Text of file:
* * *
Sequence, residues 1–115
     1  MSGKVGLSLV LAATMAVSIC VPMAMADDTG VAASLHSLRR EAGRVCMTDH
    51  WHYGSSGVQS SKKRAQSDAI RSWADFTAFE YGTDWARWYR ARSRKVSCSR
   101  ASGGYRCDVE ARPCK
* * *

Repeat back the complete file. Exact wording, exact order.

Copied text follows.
Sequence, residues 1–115
     1  MSGKVGLSLV LAATMAVSIC VPMAMADDTG VAASLHSLRR EAGRVCMTDH
    51  WHYGSSGVQS SKKRAQSDAI RSWADFTAFE YGTDWARWYR ARSRKVSCSR
   101  ASGGYRCDVE ARPCK